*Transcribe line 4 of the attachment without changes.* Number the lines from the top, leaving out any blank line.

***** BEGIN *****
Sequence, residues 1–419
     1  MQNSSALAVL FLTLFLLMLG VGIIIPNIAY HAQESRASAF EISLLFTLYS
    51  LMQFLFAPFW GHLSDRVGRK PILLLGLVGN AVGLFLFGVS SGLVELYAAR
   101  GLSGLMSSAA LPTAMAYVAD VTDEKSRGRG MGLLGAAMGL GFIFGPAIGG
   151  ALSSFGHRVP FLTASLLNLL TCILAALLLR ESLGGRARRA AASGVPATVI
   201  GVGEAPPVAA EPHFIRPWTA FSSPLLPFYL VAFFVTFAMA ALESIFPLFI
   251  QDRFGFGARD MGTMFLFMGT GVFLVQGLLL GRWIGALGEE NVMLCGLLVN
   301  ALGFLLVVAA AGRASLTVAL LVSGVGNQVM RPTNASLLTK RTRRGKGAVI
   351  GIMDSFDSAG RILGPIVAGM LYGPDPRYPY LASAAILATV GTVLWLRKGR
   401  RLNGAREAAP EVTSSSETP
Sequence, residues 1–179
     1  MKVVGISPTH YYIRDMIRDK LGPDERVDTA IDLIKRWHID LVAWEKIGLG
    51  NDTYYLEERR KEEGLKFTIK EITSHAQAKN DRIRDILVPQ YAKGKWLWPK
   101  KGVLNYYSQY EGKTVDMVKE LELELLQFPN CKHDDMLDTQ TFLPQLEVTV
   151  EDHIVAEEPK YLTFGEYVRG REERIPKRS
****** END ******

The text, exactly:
   101  GLSGLMSSAA LPTAMAYVAD VTDEKSRGRG MGLLGAAMGL GFIFGPAIGG